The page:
Cheap summer fun in Zurich

This weekend we grabbed our perpetually-packed suitcases and headed to Zurich to visit friends. The weather was what most people call “gorgeous”, and we made the most of it by spending time in and around the lake (and on the roof deck).

Lake Zurich is the part of Zurich I miss most, especially during the summer. The view is unbeatable (Zurich’s charming skyline in one direction, snow-capped Alps in the other), and the water is so clean and clear it begs you to get in and swim around. The lake is surrounded by badis, areas where one can swim, sun, drink crappy beer, etc. for around a CHF 6 entrance fee. But if that’s too steep for you (and you can live without a changing room), you can also just jump into the lake for free in many areas.

And if you’re looking for more free fun in this ridiculously expensive city, this summer you can wander around admiring its latest city art display: painted plant pots. In the same spirit that brought cows to Chicago* and Mr. Potato Heads to Providence, Zurich has decided that this year, giant pots were the way to go. At first I didn’t like them very much, but they grew on me over the course of the weekend. I think the penguin one was my favorite.**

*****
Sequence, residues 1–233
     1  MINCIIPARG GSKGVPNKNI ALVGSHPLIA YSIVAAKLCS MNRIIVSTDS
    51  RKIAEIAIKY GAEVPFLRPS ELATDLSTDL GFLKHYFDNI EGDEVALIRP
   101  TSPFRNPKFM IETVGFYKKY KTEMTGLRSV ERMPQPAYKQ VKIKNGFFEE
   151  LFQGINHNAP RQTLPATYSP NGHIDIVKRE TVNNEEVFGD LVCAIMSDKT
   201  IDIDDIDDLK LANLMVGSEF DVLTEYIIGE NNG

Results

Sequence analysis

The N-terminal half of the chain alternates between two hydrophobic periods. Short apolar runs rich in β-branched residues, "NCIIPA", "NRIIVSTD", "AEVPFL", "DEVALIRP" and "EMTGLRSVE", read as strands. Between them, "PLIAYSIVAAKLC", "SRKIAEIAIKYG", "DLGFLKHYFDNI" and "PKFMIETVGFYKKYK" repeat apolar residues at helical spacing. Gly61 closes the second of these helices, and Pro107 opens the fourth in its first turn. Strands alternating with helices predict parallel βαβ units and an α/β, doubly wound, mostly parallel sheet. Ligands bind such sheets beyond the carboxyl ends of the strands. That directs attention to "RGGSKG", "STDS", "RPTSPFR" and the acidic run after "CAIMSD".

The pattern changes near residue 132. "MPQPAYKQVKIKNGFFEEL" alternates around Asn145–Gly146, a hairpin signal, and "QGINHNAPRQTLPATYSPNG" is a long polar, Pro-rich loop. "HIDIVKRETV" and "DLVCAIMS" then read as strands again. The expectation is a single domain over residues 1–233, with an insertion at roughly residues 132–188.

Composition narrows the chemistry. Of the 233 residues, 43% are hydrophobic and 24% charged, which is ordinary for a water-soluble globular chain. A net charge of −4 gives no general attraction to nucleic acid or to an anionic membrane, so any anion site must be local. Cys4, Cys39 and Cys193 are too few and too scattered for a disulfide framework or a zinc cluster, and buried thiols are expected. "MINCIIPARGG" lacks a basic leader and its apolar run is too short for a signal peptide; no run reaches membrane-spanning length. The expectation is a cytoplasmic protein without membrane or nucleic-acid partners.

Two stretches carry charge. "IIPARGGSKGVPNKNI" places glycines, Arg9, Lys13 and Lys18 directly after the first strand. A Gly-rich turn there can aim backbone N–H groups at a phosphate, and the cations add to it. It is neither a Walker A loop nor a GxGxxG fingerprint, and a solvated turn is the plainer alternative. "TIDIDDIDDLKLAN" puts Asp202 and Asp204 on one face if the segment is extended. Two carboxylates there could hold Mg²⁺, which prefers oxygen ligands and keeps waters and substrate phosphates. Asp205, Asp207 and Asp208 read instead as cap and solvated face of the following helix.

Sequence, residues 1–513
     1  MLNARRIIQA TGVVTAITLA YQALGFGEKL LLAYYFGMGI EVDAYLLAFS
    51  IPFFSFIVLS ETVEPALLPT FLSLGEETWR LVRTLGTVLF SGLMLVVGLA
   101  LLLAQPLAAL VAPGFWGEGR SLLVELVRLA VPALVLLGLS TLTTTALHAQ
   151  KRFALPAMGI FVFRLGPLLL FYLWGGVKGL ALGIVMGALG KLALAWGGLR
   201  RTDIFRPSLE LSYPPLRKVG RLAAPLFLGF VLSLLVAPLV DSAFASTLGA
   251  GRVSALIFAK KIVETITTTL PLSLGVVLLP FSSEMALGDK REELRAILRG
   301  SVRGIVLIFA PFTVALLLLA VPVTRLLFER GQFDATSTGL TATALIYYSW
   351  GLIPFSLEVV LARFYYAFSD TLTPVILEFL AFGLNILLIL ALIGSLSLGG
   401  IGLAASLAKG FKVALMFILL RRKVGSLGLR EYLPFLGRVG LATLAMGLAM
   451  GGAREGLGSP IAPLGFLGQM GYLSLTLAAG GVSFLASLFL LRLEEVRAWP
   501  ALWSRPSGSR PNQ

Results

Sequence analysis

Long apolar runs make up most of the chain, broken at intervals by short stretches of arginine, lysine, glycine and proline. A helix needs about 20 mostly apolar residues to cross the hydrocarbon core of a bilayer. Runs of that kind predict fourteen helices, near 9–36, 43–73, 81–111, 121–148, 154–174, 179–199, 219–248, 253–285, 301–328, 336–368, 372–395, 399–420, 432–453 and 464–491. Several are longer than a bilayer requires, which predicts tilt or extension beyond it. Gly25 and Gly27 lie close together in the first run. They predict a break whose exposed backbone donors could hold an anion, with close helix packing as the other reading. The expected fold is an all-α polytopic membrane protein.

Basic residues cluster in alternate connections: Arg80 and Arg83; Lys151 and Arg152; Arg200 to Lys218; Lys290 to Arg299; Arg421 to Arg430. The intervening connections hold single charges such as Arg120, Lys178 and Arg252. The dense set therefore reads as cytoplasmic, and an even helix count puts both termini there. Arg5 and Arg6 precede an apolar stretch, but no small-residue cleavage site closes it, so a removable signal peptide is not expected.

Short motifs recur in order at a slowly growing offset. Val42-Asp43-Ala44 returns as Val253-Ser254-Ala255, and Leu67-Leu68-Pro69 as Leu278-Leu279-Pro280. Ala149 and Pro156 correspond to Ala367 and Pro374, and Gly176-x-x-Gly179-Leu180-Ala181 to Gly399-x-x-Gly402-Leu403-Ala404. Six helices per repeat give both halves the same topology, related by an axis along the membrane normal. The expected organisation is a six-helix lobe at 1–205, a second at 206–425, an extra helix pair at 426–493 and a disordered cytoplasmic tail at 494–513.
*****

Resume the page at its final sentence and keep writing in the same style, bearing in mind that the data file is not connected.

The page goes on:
And now, after five back-to-back trips, I think I’ll stay home for awhile. I’ve been missing Munich.

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* Actually Zurich did the cows before Chicago did. Zurich also did teddy bears a few years back.
** Notice how all the penguins are wearing suits, except for one with a mohawk and a t-shirt that says “Lech mich”.

Toasting Obama in Zurich

I’m a little behind on my travel blogging here… the day after the election I crawled out of bed and hopped on a train to Zurich. It’s always a treat to see my Zurich-based friends, but this particular trip was even more joyful than usual. The election results had us all in a fabulous mood. Heck, even the roasted chestnut sellers were excited.

Zurich itself seemed largely unchanged. The city felt clean and safe and was bustling with shoppers. The usually crazies were out: Alle Tot guy and the Scientologists. It was as if I had never left.